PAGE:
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My teacher partner and good friend, Tammy Erickson, summed it up perfectly when she said “I don’t think I have a single bully at my elementary school, based on the definition of bullying as a coercive relationship based on power and control. I think we need to stop arbitrarily using the word bullying in elementary school. What I do have to deal with are a lot of naughty, rude and socially challenged students who struggle academically and take it out on each other”.
Science Daily echoes those thoughts in a July 9, 2010 article titled, Who Is Likely to Become a Bully, Victim or Both? New Research Shows Poor Problem-Solving Increases Risk for All”. The article refers to new research published by the American Psychological Association which concluded that “Children and adolescents who lack social problem-solving skills are more at risk of becoming bullies, victims or both than those who don't have these difficulties. But those who are also having academic troubles are even likelier to become bullies.” Clayton R. Cook, PhD, of Louisiana State University, goes on to say; “Ultimately, we want to develop better prevention and intervention strategies to stop the cycle before it begins."
Prevention strategies, that’s what this conversation needs to be about not labeling, especially early on in a child’s social development. "A typical bully has trouble resolving problems with others and also has trouble academically," said Cook. "He or she usually has negative attitudes and beliefs about others, feels negatively toward himself/herself, comes from a family environment characterized by conflict and poor parenting, perceives school as negative and is negatively influenced by peers."
There article goes on to point out that there are obvious and consistent traits of the victim as well. "A typical victim is likely to be aggressive, lack social skills, think negative thoughts, experience difficulties in solving social problems, come from negative family, school and community environments and be noticeably rejected and isolated by peers," said Cook.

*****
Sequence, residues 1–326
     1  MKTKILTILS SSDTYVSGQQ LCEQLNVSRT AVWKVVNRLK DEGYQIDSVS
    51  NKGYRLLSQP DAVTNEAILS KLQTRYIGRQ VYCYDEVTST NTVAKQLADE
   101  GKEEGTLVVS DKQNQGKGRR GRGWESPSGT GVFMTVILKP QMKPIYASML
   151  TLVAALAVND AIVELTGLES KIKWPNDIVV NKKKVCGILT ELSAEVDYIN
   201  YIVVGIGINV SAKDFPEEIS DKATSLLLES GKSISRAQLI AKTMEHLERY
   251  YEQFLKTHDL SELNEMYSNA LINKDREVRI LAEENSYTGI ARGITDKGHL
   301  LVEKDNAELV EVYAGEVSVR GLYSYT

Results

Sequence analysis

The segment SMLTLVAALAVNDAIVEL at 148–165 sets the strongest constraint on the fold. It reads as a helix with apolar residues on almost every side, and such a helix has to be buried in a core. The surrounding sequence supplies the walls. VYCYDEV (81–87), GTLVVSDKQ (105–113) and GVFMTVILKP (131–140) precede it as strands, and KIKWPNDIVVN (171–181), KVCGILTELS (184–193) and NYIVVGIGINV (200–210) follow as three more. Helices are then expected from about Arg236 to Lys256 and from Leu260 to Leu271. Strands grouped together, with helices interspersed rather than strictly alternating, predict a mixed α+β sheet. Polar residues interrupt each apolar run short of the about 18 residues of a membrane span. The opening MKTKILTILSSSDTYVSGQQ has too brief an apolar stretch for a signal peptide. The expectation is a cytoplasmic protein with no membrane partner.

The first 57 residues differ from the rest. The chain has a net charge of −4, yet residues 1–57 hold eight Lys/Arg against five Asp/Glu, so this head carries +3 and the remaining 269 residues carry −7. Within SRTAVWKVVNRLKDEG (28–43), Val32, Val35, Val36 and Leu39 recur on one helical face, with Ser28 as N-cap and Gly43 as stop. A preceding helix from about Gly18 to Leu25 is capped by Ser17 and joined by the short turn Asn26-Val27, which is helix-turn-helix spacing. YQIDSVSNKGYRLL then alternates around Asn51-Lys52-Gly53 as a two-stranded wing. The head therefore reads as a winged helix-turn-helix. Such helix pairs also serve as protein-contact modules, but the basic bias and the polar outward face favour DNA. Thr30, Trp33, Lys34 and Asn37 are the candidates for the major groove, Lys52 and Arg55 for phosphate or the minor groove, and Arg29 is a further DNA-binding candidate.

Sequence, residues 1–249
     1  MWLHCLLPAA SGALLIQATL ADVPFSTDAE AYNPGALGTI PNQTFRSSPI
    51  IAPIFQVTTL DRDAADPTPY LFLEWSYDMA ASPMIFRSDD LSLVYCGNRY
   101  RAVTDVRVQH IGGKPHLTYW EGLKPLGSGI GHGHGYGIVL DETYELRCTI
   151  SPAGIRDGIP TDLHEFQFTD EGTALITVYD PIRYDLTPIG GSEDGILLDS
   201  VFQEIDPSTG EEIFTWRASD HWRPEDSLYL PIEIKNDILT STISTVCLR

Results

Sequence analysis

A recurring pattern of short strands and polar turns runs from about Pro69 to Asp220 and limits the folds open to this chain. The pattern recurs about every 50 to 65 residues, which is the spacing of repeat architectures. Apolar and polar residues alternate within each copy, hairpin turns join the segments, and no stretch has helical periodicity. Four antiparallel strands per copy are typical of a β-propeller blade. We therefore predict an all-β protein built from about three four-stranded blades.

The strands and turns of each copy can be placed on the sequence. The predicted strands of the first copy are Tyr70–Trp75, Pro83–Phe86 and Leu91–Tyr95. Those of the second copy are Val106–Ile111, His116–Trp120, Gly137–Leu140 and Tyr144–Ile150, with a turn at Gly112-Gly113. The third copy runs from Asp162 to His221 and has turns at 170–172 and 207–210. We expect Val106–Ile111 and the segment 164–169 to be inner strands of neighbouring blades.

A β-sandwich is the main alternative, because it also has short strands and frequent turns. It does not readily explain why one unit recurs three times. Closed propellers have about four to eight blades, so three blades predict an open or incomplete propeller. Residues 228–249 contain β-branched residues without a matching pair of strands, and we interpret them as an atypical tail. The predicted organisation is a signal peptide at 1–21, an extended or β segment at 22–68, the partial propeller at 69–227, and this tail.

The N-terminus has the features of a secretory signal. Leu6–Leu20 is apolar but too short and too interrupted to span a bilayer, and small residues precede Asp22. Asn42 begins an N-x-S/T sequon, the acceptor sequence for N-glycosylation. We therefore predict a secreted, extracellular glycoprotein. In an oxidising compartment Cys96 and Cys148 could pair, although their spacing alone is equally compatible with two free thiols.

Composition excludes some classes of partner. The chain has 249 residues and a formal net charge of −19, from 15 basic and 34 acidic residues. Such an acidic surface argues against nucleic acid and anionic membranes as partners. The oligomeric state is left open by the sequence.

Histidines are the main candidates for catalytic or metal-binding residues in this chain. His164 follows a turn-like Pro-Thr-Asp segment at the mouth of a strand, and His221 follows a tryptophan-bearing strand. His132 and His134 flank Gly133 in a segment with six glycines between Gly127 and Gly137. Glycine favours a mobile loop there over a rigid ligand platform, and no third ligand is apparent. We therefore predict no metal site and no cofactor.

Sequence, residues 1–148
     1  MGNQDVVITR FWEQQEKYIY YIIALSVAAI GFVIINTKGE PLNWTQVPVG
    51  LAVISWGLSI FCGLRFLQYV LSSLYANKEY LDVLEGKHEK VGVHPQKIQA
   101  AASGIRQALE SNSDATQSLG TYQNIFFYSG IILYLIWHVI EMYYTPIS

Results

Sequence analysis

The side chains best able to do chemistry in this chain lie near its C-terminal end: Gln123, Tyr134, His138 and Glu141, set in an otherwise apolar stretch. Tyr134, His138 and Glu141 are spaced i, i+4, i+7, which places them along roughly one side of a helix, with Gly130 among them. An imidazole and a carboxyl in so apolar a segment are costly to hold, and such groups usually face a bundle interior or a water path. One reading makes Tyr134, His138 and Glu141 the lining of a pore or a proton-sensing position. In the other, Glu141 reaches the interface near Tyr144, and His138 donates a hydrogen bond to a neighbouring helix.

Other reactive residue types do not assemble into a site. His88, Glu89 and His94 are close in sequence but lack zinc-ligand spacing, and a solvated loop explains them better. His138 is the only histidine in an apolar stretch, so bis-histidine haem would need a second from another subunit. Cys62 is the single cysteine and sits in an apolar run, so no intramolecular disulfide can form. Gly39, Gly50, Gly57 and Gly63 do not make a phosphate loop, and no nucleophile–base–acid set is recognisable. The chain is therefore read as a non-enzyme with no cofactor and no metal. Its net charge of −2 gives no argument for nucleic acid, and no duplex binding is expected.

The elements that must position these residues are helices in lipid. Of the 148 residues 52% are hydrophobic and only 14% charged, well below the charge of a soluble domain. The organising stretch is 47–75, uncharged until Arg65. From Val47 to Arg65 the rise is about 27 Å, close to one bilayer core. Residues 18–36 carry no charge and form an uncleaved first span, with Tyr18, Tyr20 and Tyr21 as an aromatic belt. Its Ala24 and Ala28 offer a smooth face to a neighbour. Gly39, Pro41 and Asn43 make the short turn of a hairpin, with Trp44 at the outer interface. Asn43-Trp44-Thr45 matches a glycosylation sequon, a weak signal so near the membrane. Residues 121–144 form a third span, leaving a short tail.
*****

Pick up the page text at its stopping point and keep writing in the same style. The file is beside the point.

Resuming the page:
The typical bully-victim (someone who bullies and is bullied) also has negative attitudes and beliefs about himself or herself and others, the study found. He or she has trouble with social interaction, does not have good social problem-solving skills, performs poorly academically and is not only rejected and isolated by peers but is also negatively influenced by the peers with whom he or she interacts, according to the study.
I’ve read many conservative columns which suggest that this is the parent’s responsibility and that the parent’s should be held accountable. How? This research clearly shows that the majority of these young bully/victims come from homes where parents struggle and have low skills themselves. Will fining the parents or putting them in jail help them the parents we need them to be in order to provide a better example for their offspring?
San Francisco and other areas are experimenting with the idea of a community school that will attempt to address the educational, as well as social system needs, of the whole family. In this kind of environment, a parent could be encouraged or even mandated to attend classes that would have a positive effect on their parenting.
Most schools use punishment and removal to deal with bullying but the more promising approach is to educated everyone involved, including the parents. "Intervene with the parents, peers and schools simultaneously," said Cook. "Behavioral parent training could be used in the home while building good peer relationship and problem-solving skills could be offered in the schools, along with academic help for those having troubling in this area."